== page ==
Children die in agony from Syrian gas attacks
Witnesses reveal horror of chemical attacks on villages
THE full horror of President Assad's gas attack blitz emerged yesterday as witnesses of the gruesome fall-out revealed their stories.
It took most of the afternoon for Mahmud Hashash to die, writhing, gasping for breath and spluttering blood as the chlorine gas corrupted his six-year-old lungs.
The doctors did all they could to save him. Using a nebuliser and oxygen pump, they fought the noxious chemical that was burning his throat and capillaries.
But still he died.
So too did his sister, Maryuma (16). His mother Sana (30) is in intensive care.
The Hashash family are all victims of the new weapon of choice of President Bashar al-Assad's regime. In a throwback to the First World War, the Syrian army is now filling barrel bombs with chlorine gas and dropping them on towns and villages in an attempt to crush a renewed opposition offensive in the civil war.
An investigation – comprising testimony from doctors who treated the wounded, relations of the victims and eye-witnesses – has found evidence of the regime's continued and systematic use of chemical weapons, despite having signed the Chemical Weapons Convention, which bans the use of such substances.
In the northern province of Idlib, the attacks have become a near daily reality. In the past two weeks, eight separate such bombings have caused hundreds of casualties, most of them civilians, and are, increasingly, claiming lives.
In Mahmud's case, an explosive barrel loaded with chlorine gas landed on the kitchen of his home in the village of Talmenes in Idlib at about 10.30am on Monday.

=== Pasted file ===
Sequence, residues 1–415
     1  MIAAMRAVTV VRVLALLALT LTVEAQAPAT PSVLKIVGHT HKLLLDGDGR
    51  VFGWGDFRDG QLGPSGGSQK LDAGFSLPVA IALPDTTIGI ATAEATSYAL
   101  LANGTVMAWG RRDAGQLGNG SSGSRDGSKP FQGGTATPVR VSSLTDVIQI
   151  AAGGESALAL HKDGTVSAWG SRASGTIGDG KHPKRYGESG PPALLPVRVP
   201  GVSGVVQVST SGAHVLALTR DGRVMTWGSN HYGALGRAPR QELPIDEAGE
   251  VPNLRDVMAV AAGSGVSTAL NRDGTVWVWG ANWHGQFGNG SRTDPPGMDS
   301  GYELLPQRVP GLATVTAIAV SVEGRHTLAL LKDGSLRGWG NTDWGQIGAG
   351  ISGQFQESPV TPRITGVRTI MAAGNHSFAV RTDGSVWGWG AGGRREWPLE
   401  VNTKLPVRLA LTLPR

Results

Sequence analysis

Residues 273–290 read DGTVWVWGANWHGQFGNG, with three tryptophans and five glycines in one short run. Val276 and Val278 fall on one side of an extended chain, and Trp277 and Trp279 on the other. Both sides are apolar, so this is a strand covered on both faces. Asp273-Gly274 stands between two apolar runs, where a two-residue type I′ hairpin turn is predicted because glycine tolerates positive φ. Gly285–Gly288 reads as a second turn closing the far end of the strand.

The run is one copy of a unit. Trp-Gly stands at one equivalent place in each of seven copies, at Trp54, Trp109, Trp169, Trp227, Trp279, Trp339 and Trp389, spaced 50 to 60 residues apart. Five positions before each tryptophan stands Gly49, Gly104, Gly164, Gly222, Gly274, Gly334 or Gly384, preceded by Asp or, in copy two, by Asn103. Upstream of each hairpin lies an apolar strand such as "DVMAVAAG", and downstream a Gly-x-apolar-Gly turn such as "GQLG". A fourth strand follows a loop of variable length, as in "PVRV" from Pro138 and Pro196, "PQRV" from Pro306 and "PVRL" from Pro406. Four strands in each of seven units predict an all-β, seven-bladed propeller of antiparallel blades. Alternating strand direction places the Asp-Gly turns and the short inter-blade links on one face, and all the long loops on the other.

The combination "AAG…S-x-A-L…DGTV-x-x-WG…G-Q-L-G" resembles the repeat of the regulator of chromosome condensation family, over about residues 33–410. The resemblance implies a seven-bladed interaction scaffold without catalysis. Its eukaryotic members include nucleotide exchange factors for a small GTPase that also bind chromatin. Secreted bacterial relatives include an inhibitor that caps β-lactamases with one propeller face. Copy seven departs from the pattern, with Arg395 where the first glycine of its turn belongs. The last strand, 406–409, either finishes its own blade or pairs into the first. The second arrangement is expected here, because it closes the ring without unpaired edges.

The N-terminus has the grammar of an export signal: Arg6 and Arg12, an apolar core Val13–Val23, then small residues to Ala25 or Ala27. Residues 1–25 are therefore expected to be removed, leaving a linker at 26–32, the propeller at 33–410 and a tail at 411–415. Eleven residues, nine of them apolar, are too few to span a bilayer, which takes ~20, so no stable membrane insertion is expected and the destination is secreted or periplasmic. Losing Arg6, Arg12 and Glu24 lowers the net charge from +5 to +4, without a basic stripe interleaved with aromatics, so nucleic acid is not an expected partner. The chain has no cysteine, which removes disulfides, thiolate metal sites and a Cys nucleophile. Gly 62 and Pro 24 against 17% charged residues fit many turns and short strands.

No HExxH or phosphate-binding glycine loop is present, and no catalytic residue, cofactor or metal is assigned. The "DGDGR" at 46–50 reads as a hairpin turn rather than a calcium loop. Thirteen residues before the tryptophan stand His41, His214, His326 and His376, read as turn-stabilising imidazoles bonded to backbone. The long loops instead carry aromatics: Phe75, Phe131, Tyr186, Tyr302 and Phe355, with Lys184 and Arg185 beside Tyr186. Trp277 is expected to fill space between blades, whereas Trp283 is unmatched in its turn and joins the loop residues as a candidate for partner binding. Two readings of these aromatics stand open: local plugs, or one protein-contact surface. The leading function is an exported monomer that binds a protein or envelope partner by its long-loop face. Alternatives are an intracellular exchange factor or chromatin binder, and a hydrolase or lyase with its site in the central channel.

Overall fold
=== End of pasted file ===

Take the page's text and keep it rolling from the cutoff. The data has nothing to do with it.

"I saw a helicopter drop two barrel bombs on Talmenes," said Muheed (22), who is Mahmud's uncle. "Only one of the barrels exploded, but it sent a huge cloud of yellow smoke in the air."
Abu Muhanna, a doctor, who spoke using a pseudonym, went to the field clinic to help treat the casualties. "It's a small clinic and, in minutes, there were over 70 patients, he said."
Chlorine gas affects the respiratory system, irritating the throat and burning the lungs, which fill with liquid, so victims will suffocate or drown.
Film from activists and residents at Talmenes field hospital captures the pandemonium, as desperate residents flood through the doors of the clinic. Women and children are lying on the floors sucking on oxygen masks. Another film shows animals lying dead near the attack site.
President Bashar al-Assad agreed to a deal brokered by Russia and America to dispose of Syria's chemical weapons stockpile after hundreds of people were killed in a sarin gas attack on the outskirts of Damascus last August.
The deal averted Western military intervention against the Syrian regime after the US and European allies blamed Mr Assad's forces.
The Organisation for the Prohibition of Chemical Weapons has so far removed over 80pc of the declared weapons stockpile – which does not include chlorine gas. But the end-of-mission deadline on Monday is being overshadowed by evidence that the Syrian army is once again resorting to chemical weapons. (© Daily Telegraph, London)